SOCIETY in Classic Quotes

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Quotes from David Copperfield by Charles Dickens
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 Current Search - society in David Copperfield
1  Let my sister Lavinia and myself have our society.
David Copperfield By Charles Dickens
Get Context   In CHAPTER 41. DORA'S AUNTS
2  He was nursing the baby, and appeared to be a benignant member of society.
David Copperfield By Charles Dickens
Get Context   In CHAPTER 52. I ASSIST AT AN EXPLOSION
3  Then I would make a fact so disgraceful known, and boldly challenge society to set it right.
David Copperfield By Charles Dickens
Get Context   In CHAPTER 28. Mr. MICAWBER'S GAUNTLET
4  You might put ME into a Jail, with genteel society and a rubber, and I should never care to come out.
David Copperfield By Charles Dickens
Get Context   In CHAPTER 45. MR. DICK FULFILS MY AUNT'S PREDICTIONS
5  The only member of our small society who positively refused to adapt himself to circumstances, was Jip.
David Copperfield By Charles Dickens
Get Context   In CHAPTER 41. DORA'S AUNTS
6  I was so far from being warned off from Peggotty's society, that, provided I was not in Mr. Murdstone's, I was never sought out or inquired for.
David Copperfield By Charles Dickens
Get Context   In CHAPTER 10. I BECOME NEGLECTED, AND AM PROVIDED FOR
7  Mrs. Steerforth was particularly happy in her son's society, and Steerforth was, on this occasion, particularly attentive and respectful to her.
David Copperfield By Charles Dickens
Get Context   In CHAPTER 29. I VISIT STEERFORTH AT HIS HOME, AGAIN
8  Giving him private directions to seek the society of Mrs. Crupp, and to remove the 'young gal' to the basement also, I abandoned myself to enjoyment.
David Copperfield By Charles Dickens
Get Context   In CHAPTER 24. MY FIRST DISSIPATION
9  Mr. Micawber, I must observe, in his adaptation of himself to a new state of society, had acquired a bold buccaneering air, not absolutely lawless, but defensive and prompt.
David Copperfield By Charles Dickens
Get Context   In CHAPTER 57. THE EMIGRANTS
10  'It appears to me, my dear Mr. Copperfield,' said Mrs. Micawber, forcibly, 'that what Mr. Micawber has to do, is to throw down the gauntlet to society, and say, in effect, "Show me who will take that up.'"
David Copperfield By Charles Dickens
Get Context   In CHAPTER 28. Mr. MICAWBER'S GAUNTLET
11  Her appearance was exactly what I have described it, when I first saw her; but the society of the two ladies was so agreeable, and came so natural to me, that I felt myself falling a little in love with her.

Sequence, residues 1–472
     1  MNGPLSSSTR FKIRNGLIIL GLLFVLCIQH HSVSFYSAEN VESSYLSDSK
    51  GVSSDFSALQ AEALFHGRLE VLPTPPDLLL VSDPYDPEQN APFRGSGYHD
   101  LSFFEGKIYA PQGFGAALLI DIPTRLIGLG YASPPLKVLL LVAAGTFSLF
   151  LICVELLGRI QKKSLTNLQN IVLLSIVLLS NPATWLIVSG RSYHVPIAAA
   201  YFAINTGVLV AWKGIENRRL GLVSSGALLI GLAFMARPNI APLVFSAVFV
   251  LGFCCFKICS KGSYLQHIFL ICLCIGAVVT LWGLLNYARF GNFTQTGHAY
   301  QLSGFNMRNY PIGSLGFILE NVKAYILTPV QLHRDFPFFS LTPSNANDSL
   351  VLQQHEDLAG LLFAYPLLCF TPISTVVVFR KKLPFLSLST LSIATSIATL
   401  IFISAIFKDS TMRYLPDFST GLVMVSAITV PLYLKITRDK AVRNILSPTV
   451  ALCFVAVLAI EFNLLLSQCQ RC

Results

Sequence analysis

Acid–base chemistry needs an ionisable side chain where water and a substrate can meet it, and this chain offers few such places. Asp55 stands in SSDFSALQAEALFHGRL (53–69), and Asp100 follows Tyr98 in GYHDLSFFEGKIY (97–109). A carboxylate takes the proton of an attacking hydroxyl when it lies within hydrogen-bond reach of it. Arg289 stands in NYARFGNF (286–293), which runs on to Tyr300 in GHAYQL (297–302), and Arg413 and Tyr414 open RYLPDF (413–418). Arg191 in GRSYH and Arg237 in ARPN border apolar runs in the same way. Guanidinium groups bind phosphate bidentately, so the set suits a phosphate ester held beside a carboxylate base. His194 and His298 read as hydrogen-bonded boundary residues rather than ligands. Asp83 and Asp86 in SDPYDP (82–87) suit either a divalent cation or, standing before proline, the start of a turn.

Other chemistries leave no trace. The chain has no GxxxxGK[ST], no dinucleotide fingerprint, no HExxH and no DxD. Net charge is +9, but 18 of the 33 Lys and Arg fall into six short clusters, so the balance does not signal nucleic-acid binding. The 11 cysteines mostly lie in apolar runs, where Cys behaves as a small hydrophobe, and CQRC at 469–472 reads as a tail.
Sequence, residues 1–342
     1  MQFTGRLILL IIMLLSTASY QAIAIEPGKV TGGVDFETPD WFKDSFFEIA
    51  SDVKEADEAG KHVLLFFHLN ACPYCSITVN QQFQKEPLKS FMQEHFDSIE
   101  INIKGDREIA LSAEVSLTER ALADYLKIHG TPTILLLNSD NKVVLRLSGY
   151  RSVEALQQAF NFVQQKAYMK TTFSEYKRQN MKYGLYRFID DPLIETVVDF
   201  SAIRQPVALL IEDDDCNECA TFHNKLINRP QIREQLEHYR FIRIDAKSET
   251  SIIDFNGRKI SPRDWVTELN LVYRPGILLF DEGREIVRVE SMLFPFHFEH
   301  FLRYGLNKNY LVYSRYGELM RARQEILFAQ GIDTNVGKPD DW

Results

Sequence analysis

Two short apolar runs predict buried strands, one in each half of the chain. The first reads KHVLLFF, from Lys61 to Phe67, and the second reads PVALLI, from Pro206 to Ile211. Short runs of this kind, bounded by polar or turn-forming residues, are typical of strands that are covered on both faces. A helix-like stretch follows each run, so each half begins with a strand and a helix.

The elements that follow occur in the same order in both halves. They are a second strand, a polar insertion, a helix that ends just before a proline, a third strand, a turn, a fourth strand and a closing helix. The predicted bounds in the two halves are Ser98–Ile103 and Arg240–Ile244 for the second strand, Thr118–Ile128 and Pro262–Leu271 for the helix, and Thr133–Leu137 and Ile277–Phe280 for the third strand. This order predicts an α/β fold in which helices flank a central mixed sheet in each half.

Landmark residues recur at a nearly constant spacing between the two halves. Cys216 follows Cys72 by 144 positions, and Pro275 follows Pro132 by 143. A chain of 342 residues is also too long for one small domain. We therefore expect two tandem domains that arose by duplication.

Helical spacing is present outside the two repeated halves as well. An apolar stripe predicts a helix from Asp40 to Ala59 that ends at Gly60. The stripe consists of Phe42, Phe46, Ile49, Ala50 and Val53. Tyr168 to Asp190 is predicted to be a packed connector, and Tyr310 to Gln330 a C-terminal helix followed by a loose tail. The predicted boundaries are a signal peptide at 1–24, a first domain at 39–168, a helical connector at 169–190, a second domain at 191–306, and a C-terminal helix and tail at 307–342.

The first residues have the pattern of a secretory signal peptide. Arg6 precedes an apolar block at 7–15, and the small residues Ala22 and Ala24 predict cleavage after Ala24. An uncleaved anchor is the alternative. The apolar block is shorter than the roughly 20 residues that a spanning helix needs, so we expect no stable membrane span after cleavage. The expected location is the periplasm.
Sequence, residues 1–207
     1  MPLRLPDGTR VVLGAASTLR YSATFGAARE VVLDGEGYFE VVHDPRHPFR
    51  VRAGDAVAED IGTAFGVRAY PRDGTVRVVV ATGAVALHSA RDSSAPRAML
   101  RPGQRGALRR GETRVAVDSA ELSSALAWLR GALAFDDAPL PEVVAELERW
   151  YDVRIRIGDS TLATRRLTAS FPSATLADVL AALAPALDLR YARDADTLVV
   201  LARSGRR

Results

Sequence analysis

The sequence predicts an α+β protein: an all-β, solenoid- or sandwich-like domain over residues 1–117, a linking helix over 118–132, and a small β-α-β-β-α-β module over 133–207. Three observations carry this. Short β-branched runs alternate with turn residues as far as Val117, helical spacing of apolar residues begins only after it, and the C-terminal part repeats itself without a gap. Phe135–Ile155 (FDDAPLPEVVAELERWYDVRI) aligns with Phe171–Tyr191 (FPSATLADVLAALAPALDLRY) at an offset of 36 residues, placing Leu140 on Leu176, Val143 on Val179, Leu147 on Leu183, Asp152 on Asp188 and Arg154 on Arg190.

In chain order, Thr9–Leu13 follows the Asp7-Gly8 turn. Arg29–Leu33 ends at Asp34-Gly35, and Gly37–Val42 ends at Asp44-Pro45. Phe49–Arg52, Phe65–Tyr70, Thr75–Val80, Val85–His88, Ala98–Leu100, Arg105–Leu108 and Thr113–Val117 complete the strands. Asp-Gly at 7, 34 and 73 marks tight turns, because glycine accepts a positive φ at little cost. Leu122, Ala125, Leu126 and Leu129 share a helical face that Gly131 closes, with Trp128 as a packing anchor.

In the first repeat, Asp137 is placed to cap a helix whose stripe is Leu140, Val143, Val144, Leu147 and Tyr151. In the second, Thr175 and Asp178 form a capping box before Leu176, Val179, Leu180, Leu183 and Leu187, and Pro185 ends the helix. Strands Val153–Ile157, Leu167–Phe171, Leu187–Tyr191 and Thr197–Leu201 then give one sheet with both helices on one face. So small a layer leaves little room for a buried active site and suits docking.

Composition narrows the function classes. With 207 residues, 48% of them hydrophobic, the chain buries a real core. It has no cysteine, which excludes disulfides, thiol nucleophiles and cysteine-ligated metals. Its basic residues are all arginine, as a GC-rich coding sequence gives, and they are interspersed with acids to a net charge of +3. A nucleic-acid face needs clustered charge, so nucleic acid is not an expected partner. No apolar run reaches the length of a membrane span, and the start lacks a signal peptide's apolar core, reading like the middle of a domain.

David Copperfield By Charles Dickens
Get Context   In CHAPTER 24. MY FIRST DISSIPATION
12  Whatever station in society I may attain, through the medium of the learned profession of which I am about to become an unworthy member, I shall endeavour not to disgrace, and Mrs. Micawber will be safe to adorn.
David Copperfield By Charles Dickens
Get Context   In CHAPTER 36. ENTHUSIASM
13  She had fallen back, already, on the society of the work-box with St. Paul's upon the lid, the yard-measure in the cottage, and the bit of wax-candle; and there they all were, just as if they had never been disturbed.
David Copperfield By Charles Dickens
Get Context   In CHAPTER 31. A GREATER LOSS
14  Here I lay down, near a cannon; and, happy in the society of the sentry's footsteps, though he knew no more of my being above him than the boys at Salem House had known of my lying by the wall, slept soundly until morning.
David Copperfield By Charles Dickens
Get Context   In CHAPTER 13. THE SEQUEL OF MY RESOLUTION
15  With a washerwoman, who exposes hard-bake for sale in her parlour-window, dwelling next door, and a Bow-street officer residing over the way, you may imagine that his society is a source of consolation to myself and to Mrs. Micawber.
David Copperfield By Charles Dickens
Get Context   In CHAPTER 27. TOMMY TRADDLES
16  Misty ideas of being a young man at my own disposal, of the importance attaching to a young man at his own disposal, of the wonderful things to be seen and done by that magnificent animal, and the wonderful effects he could not fail to make upon society, lured me away.
David Copperfield By Charles Dickens
Get Context   In CHAPTER 19. I LOOK ABOUT ME, AND MAKE A DISCOVERY
17  Conversing with her, and hearing her sing, was such a delightful reminder to me of my happy life in the grave old house she had made so beautiful, that I could have remained there half the night; but, having no excuse for staying any longer, when the lights of Mr. Waterbrook's society were all snuffed out, I took my leave very much against my inclination.
David Copperfield By Charles Dickens
Get Context   In CHAPTER 25. GOOD AND BAD ANGELS
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